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Golang Maps Tutorial With Examples | Maps in Go Explained

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Golang Maps Tutorial With Examples | Maps in Go Explained is today’s topic. One of the most useful data structures in computer science is the hash table. Many hash table implementations exist with varying properties, but in general, they offer fast lookups, adds, and deletes. Go provides a built-in map type that implements a hash table. Go map is an unordered collection of key-value pairs. They map keys to values. Go map keys are unique within the map while the values may or may not be the same.

Golang Maps Tutorial

Go provides another essential data type named the map which maps unique keys to values. A key is an object that you use to retrieve the value at a later date. Given a key and a value, you can store the value in a Map object. After the value is stored, you can retrieve it by using its key.

The map data structure is used for fast lookups, retrieval, and deletion of the data based on keys; that is why it is one of the most used data structures in computer science. There are also other data types available unlike maps for example arrays, structs, and slice in Golang. Let’s start our Golang maps tutorial.

Declaration and initialization of Maps in Go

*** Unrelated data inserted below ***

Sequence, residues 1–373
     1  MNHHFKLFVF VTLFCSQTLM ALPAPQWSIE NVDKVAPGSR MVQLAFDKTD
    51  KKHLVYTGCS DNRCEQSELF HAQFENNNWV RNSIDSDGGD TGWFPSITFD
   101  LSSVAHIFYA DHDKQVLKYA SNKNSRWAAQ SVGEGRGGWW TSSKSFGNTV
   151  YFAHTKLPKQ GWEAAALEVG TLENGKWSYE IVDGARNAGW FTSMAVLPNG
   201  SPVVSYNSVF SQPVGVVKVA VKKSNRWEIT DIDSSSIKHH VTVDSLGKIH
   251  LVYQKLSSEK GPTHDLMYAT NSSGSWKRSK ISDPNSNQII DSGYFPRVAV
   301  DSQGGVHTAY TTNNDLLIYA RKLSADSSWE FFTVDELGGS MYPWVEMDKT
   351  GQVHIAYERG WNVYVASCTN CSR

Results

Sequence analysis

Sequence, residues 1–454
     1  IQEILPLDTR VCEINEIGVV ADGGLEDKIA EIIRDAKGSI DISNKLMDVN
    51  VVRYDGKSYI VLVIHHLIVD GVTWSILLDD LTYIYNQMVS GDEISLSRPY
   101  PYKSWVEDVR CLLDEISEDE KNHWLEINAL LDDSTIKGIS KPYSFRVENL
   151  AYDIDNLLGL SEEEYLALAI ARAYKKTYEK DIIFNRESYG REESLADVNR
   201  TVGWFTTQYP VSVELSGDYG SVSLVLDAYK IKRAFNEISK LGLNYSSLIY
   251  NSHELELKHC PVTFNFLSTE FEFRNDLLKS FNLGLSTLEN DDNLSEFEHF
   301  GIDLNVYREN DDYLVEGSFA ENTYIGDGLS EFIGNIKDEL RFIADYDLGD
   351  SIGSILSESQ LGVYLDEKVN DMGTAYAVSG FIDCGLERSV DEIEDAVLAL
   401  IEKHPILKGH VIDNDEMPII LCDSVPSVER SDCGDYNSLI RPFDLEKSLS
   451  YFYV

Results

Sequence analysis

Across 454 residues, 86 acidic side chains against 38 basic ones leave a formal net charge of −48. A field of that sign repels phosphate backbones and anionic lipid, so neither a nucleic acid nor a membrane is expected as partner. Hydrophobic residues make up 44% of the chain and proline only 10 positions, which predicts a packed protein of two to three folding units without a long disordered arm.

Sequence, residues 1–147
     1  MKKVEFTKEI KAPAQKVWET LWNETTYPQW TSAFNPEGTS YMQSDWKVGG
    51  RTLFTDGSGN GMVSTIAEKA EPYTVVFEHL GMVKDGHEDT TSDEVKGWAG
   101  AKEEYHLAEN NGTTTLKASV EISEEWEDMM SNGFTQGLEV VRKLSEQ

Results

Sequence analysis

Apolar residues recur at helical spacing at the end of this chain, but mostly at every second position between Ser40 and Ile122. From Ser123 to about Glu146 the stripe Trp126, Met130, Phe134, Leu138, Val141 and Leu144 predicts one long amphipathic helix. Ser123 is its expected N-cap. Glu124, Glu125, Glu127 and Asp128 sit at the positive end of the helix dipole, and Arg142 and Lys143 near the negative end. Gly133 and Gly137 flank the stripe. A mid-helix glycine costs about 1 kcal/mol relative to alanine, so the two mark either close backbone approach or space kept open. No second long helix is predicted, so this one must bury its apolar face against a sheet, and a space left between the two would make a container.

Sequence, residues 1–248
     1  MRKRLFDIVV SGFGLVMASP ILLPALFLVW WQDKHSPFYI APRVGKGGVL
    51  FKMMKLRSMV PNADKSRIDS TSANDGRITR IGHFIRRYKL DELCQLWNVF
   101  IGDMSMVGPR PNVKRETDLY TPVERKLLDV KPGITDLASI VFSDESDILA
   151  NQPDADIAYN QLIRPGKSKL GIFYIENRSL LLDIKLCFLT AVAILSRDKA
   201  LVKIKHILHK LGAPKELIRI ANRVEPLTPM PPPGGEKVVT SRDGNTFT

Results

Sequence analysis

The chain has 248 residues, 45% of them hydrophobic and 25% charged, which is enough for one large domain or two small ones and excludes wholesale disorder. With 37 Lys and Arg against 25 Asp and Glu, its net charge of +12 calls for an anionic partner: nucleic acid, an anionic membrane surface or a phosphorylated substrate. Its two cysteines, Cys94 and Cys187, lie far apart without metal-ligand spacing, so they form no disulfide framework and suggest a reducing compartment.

A Go map type looks like the following.

map[KeyType]ValueType

where KeyType may be any comparable type (more on this later), and ValueType may be any type at all, including another map.

See the variable m is a map of string keys to int values.

var m map[string]int

Map types are reference types, like pointers or slices, and so the value of m above is nil.

A nil map has no keys. A nil map behaves like a blank map when reading. Any attempt to add keys to a nil map will result in a runtime error.

See the below code of nil variable in Go.

// hello.go

package main

import "fmt"

func main() {
	var app map[string]int
	fmt.Println(app)
	if app == nil {
		fmt.Println("app variable is nil")
	}
}

See the below output.

Golang Maps Tutorial

 

Now, let’s add the items to the nil map and see the output.

// hello.go